Local residents in Surbiton have expressed concerns about a proposal to turn a former Victorian waterworks into a public park with meadows, playgrounds, picnic areas, cycling tracks, and an underground employment space.
The site, which is designated both a Site Important for Nature Conservation and Metropolitan Open Land, is now privately owned by Cascina Limited who have announced the plan.
Local resident, Dominic Blackmore, said: “I think it is a daft plan. Underground workshops with a park on top virtually in the banks of the river. I don’t know what Cascina are up to but this doesn’t add up.”
The controversial company has previously been unpopular with residents and the Kingston Council.
In October last year, Wimbledon Magistrates’ Court ordered Cascina to carry out overdue maintenance work to the site and to contribute £12,000 to Kingston Council’s legal fees in the case.
Cascina are running a survey on a website called Surbiton Riverside until December 1 to see what local residents want in the park and to determine whether an underground employment space will be supported.
The website describes the plan as a “great opportunity” to create this “high quality open space” but offers little information about the proposal and does not say who is behind it.
A Cascina spokesperson told the BBC it was carrying out the initial consultation to establish what residents wanted to see in the proposed park.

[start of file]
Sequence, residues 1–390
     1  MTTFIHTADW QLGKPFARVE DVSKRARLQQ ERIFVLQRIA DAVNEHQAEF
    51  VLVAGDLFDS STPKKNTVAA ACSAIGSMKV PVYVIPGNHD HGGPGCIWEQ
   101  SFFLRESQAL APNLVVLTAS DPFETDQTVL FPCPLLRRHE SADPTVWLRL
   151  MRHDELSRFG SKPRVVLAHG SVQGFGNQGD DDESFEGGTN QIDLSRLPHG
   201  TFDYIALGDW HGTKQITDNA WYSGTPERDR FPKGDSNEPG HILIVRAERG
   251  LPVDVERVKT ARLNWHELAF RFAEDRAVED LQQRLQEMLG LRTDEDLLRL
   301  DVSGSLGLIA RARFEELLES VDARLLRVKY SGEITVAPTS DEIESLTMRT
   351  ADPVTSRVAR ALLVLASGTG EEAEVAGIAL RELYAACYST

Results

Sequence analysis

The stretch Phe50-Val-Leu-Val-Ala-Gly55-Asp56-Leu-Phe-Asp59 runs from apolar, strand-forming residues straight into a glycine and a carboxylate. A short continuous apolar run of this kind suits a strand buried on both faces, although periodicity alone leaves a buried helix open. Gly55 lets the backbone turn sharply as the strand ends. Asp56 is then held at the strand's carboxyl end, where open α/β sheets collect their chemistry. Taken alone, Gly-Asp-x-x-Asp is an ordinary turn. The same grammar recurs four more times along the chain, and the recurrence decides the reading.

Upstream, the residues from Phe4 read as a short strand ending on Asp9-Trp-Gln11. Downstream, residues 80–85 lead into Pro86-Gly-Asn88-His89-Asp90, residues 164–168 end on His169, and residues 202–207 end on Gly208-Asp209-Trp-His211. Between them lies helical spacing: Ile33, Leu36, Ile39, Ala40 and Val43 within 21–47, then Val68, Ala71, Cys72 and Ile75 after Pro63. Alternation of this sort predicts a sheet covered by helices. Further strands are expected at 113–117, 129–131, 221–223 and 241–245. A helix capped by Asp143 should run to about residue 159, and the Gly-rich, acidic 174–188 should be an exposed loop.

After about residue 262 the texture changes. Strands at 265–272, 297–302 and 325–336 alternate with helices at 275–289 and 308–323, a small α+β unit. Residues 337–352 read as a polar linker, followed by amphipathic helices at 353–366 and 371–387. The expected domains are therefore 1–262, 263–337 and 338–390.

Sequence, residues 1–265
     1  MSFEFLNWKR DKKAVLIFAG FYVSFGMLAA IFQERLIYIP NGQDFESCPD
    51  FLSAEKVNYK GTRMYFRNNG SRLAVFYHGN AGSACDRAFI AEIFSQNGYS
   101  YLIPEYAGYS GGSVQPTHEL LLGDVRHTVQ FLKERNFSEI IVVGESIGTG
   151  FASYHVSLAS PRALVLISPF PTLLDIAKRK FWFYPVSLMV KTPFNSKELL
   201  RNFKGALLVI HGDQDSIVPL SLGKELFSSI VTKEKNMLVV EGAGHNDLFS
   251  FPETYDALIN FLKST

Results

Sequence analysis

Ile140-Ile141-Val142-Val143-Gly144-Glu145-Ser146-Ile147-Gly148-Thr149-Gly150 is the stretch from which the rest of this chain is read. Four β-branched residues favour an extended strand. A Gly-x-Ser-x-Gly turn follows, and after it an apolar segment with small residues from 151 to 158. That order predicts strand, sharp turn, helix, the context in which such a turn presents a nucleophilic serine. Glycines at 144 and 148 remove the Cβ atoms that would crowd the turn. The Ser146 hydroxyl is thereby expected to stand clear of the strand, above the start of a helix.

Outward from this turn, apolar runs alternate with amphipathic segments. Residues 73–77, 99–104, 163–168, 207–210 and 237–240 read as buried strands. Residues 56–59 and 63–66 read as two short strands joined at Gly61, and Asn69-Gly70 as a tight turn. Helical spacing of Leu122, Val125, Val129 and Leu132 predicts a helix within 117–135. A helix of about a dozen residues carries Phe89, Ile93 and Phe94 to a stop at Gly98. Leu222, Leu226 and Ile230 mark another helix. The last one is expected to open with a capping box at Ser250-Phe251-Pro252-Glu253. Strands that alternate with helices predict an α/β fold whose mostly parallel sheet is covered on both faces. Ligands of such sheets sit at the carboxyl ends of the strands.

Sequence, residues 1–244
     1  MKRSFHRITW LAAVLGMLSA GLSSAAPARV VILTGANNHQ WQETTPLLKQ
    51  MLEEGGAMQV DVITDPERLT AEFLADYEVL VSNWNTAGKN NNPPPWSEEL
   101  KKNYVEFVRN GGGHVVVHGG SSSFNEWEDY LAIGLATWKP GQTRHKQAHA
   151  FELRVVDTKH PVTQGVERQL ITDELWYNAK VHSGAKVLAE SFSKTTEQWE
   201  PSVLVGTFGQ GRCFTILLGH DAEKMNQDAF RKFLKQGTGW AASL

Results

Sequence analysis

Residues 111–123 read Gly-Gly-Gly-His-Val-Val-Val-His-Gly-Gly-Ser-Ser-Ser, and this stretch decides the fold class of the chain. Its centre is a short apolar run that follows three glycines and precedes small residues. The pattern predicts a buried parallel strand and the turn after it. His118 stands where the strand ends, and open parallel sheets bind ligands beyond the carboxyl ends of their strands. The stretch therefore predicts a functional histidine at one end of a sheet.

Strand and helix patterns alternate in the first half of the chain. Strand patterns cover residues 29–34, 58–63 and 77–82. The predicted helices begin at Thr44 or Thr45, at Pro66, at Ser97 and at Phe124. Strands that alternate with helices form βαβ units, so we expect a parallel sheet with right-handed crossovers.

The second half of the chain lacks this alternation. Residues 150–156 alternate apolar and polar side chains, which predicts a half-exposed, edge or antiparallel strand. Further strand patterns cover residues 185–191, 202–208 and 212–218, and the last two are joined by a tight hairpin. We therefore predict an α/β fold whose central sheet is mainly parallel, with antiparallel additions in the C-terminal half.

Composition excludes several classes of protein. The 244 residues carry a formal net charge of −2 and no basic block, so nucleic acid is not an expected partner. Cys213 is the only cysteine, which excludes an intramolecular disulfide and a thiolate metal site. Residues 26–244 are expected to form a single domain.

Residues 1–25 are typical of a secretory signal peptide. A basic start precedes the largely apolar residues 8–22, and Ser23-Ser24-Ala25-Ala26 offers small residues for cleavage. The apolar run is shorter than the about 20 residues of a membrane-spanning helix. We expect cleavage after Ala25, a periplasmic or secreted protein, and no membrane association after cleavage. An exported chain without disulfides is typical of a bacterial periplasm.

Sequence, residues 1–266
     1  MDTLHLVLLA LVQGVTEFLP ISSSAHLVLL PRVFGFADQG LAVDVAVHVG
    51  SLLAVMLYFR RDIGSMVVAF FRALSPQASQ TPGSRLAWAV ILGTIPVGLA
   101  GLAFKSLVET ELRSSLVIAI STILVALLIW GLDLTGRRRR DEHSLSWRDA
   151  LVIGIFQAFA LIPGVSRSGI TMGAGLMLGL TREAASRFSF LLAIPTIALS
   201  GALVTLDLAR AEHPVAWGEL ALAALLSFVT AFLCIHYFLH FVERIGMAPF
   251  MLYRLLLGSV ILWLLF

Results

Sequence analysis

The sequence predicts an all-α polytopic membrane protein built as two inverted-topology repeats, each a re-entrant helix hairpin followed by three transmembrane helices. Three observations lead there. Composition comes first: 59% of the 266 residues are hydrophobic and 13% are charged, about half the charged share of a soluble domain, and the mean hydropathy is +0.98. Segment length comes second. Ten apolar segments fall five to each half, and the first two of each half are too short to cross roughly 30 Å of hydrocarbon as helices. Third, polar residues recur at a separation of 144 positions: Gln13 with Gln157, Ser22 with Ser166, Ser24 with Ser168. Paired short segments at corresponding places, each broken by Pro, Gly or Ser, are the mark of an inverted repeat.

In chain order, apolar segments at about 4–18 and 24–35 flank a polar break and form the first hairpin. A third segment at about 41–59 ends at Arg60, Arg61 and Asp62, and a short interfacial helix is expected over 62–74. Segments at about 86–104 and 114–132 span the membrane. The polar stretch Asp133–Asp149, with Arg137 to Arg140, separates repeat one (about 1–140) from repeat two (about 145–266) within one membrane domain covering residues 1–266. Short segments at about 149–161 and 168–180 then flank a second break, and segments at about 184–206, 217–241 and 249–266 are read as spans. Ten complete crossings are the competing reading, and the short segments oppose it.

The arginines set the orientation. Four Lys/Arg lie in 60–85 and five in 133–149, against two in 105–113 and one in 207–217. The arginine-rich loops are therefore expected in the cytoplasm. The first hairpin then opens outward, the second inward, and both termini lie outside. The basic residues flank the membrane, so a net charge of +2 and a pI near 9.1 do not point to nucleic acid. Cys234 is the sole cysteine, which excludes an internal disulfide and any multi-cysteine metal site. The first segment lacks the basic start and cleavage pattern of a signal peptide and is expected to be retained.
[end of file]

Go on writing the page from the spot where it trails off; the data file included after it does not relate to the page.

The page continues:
However, a number of residents have expressed their distrust. Surbiton local Nick Boyle, said: “This is likely another method of trying to win the hearts and minds of the local community.”
Local residents have found it hard to ignore Cascina’s poor record of maintenance of the site.
Sean Hart said: “Cascina haven’t taken care of any of the heritage including scraping of foliage using heavy machinery on the sides and beds. They’ve let the railings and brickwork degrade until forced to paint them by the council.
“They’ve accumulated a lot of waste on the site so that it resembles a fly tipping dump.”
The filter beds in Seething Wells were historically used to provide clean water to London until the site was decommissioned by Thames Water in 1992.
A group of local residents, the Seething Wells Action Group (SWAG), has been campaigning for the site to be turned into a nature reserve for some years.
SWAG want the site to be “a public-access wetland wildlife reserve and place for wellbeing, leisure, research, learning and heritage.”
A SWAG spokesperson said that they feel strongly that this is a missed opportunity, namely, “the chance to preserve the heritage, protected species, and biodiversity of the site, including the filter beds themselves and the chance to open them up to us all.”
SWAG welcome Cascina’s acknowledgement for the need for open recreation spaces in Surbiton.
However, they said: “Cascina’s plan is vague and lacks the consideration of the designations of this site, which make it so unique. The mention of offices is particularly lacking in information.
“There is no provision for any water to remain and the loss of habitat for wildlife would be immense, as well as the loss of wild swimming and a wetlands site for all.”
The spokesperson said they were pleased to see the site owners engaging with the local community and hoped this was the start of a more meaningful conversation and a positive outcome for the Seething Wells filter beds.
“The importance of heritage, biodiversity and wildlife this site holds cannot be understated,” they said.
“We would very much like to have a dialogue and work with them [Cascina] so we can come up with a solution for the site that really will be to the benefit of communities, nature and climate.”
SWAG are running their own survey in response to Cascina’s proposals.
Kingston Council have said that they currently have no comment on the matter.